- Author: Rolf Loeber, David P. Farrington, Magda Stouthamer-Loeber, Welmoet B. Van Kammen
- Format: Paperback - 338 pages
- Dimensions: 152.4 x 222.25 x 25.4mm - 476.27g
- Publication date: 07 May 2015
- Publisher: Taylor & Francis Ltd
- Imprint: Psychology Press Ltd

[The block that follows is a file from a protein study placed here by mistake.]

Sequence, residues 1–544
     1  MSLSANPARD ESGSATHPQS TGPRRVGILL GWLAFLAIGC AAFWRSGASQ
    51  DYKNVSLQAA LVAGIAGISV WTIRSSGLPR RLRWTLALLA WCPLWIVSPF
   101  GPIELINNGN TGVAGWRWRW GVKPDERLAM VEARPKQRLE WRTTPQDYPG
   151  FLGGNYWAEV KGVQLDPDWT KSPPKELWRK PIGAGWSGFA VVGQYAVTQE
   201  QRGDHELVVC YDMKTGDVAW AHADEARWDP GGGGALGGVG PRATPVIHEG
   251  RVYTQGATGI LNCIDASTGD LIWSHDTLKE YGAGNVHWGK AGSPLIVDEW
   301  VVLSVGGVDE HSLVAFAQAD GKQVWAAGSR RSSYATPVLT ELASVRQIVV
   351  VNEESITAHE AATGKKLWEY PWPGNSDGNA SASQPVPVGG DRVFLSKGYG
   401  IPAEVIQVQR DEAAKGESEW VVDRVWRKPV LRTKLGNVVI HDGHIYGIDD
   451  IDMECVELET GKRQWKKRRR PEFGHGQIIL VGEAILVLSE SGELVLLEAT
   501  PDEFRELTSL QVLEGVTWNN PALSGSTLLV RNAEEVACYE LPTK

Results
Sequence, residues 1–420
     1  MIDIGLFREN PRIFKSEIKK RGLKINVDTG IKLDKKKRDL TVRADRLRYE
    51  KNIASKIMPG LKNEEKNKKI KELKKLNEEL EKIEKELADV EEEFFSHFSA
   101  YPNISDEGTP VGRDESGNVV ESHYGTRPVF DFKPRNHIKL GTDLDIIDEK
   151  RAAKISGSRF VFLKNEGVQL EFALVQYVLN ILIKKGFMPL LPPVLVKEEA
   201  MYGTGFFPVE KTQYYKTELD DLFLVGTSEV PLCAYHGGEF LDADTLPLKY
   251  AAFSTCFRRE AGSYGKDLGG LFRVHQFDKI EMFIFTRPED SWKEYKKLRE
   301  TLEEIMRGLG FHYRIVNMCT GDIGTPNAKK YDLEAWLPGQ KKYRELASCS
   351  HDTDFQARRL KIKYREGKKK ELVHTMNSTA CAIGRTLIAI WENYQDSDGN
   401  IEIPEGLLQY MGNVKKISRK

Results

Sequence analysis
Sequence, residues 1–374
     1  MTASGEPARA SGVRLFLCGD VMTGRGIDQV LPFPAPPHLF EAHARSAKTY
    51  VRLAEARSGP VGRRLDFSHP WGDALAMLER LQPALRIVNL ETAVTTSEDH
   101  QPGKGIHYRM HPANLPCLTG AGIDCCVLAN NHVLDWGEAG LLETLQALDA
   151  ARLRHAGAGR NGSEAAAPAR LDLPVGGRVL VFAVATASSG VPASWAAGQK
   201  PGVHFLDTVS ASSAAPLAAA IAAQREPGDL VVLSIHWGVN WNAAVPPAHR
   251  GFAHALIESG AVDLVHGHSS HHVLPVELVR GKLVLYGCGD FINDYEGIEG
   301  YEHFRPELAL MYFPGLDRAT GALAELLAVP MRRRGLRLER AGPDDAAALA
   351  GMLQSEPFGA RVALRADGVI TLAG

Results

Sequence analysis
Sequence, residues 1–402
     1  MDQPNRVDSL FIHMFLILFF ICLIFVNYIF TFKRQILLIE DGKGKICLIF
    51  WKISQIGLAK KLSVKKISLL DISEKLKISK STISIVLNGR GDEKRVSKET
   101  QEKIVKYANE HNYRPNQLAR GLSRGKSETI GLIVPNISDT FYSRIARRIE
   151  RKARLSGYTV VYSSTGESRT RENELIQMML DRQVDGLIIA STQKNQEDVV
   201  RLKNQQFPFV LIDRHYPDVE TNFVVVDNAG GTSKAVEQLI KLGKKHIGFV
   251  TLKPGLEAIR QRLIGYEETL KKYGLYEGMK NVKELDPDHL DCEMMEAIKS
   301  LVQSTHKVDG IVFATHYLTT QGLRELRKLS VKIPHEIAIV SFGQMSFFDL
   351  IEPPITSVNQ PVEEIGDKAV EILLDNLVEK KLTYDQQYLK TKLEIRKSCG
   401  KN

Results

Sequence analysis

Epidemiological surveys have provided key information about the prevalence and degree of seriousness at different ages of a wide array of problem behaviors such as delinquency, substance use, early sexual involvement, and mental health disorders. Knowledge of the extent of these problems and changes in their course over time is important. In its absence, interventions and health planning in general can be difficult. Understanding which risk and protective factors are relevant to which problem behaviors is also essential for the formulation of theories that constitute the basis of intervention. This book draws on the results of the major Pittsburgh Youth Study complemented by follow-up tracking of juvenile court records for more than six years, to address the following questions: *What is the prevalence and age of onset of delinquency, substance use, and early sexual behavior for three samples of boys age 8, 11, and 14? What are the average mental health problems for these ages? How strong are the relationships among these problem behaviors in each of the samples? *Which variables best explain individual differences among the boys in their manifestations of delinquency, substance use, early sexual behavior, and mental health problems? To what extent do explanatory factors vary with age? How accurately can boys with different outcomes be identified by risk scores based on hierarchical multiple regressions? *To what extent are explanatory factors associated with one outcome that are also associated with other outcomes? Are explanatory factors that are especially characteristic of a multiproblem group of boys--who display many different problem behaviors--different from explanatory factors associated with boys with few problems? *Do the results fit a general theory of juvenile problem behaviors, or is a differentiated theory more applicable?